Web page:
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  Crescent Blues Movie Views

R rated, three and one half moon icon
After seeing Bridget Jones's Diary I have come to a decision about my love life. Since apparently all it takes to attract extraordinarily handsome British guys is to be yourself, I resolve to do the following:

 

 

No more futile attempts at looking sexy. 'Cause let's face it, I can do cute but I can't seem to pull off sexy. (The editor is warned not to mention a pair of dresses, one red and one dark grey, that I have worn in the past, since I'm trying to make a joke. And besides, those dresses would make Gandhi look like a sexpot.)

 

No more drinking. (This, also, is obviously a joke. At this point, I stick to drinking only Mike's Hard Lemonade®, and I can only have two of them at a time, since I hold my liquor about as well as a pair of fishnet stockings.)

No more smoking. (Also, a joke. I only smoke when set on fire.)
Try to lose weight. (Yet another joke. I may not have Calista Flockhart's patented look, in which a person who turns sideways completely disappears, but the only way I'd lose ten pounds is if I cut off my own head.)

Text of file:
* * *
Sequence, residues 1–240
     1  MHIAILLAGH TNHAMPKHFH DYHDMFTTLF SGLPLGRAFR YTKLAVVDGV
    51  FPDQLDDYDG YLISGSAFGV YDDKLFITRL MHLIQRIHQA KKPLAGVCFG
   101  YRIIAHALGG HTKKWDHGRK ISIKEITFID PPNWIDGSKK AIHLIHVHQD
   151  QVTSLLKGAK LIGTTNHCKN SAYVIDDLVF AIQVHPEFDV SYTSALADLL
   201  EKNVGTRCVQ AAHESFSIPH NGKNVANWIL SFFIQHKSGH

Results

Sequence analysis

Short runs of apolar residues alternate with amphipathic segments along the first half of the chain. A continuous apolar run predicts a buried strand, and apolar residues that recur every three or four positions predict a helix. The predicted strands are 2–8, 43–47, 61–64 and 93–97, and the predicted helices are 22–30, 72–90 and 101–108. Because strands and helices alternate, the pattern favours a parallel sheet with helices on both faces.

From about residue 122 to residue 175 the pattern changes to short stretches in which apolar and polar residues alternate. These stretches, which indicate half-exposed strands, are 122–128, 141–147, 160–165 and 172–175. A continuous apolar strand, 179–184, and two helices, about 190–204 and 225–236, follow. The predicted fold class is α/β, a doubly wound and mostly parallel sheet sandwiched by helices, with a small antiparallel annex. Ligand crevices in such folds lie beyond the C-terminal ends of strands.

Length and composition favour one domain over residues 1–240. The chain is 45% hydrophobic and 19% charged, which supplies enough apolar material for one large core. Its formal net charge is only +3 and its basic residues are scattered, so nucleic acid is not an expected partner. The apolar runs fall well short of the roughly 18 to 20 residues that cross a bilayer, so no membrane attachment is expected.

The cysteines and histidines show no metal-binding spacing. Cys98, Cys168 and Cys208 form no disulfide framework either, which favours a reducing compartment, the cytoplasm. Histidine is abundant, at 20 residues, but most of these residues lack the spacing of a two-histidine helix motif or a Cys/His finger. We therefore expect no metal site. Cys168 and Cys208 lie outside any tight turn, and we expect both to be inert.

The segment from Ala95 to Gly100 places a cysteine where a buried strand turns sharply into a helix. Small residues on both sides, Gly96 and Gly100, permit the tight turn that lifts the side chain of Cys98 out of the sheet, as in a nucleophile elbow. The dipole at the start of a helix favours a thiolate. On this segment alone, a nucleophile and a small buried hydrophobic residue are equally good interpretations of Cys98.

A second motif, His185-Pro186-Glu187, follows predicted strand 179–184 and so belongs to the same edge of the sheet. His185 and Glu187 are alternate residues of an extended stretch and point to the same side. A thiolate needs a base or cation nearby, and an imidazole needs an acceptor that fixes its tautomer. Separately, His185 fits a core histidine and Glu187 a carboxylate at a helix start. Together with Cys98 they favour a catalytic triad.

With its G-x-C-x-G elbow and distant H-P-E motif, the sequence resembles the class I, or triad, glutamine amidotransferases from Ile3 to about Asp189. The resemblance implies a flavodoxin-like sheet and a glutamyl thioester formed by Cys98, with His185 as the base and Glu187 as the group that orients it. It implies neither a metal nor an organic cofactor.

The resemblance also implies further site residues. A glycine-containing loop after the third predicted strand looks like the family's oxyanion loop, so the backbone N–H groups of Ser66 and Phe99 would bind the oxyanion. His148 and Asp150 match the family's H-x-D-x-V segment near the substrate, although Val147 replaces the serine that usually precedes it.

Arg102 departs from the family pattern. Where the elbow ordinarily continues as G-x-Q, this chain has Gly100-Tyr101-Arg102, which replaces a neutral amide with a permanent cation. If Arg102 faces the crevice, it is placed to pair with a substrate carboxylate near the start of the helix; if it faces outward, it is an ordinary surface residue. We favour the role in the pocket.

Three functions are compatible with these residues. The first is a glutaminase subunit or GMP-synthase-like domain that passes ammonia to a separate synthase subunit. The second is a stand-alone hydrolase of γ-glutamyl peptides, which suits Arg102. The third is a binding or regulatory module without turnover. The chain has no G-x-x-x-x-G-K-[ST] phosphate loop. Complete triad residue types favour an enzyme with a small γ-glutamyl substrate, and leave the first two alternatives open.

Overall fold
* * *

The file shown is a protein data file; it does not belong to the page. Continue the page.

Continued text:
So they're lame resolutions. They worked for Bridget Jones.

Bridget, played by Renee Zellwegger -- who gained 25 pounds so that she could look like a normal woman -- has horrible taste in men. Well, all right, it's not that horrible. First, she lusts after her boss Daniel Cleaver (Hugh Grant, adorably slimy). He shares all her vices -- smoking, drinking, continual displays of public embarrassment -- and is the complete opposite of stuffy Mark Darcy, Bridget's childhood neighbor.

All the Pride and Prejudice junkies out there need to know that Colin Firth plays Mark Darcy, and I'd just like to say that ... um ... well… I think my feelings on the subject of Colin Firth in this movie can best be summed up by that "gaaaaa" noise Homer Simpson makes in reference to anything both edible and delicious.

OK, now that I finished the abject fawning part of the review, back to the story. Bridget falls for Daniel hard, and when she comes back from a Tarts and Vicars party (Where exactly do people come up with this stuff?) to find him with another woman, it breaks her heart. Enter Darcy -- over and over again, since he apparently knows no one she's not friends with -- who tells her that he likes her "just as she is." This is how single people know it's fiction.

I didn't read the book yet -- an admission that'll probably shock anyone who's known me for more than five minutes -- so I can't tell you if the book is any better than that. But the movie managed to be steadily funny for two hours straight, so you should go see it. So sayeth the real me.

Jennifer Matarese

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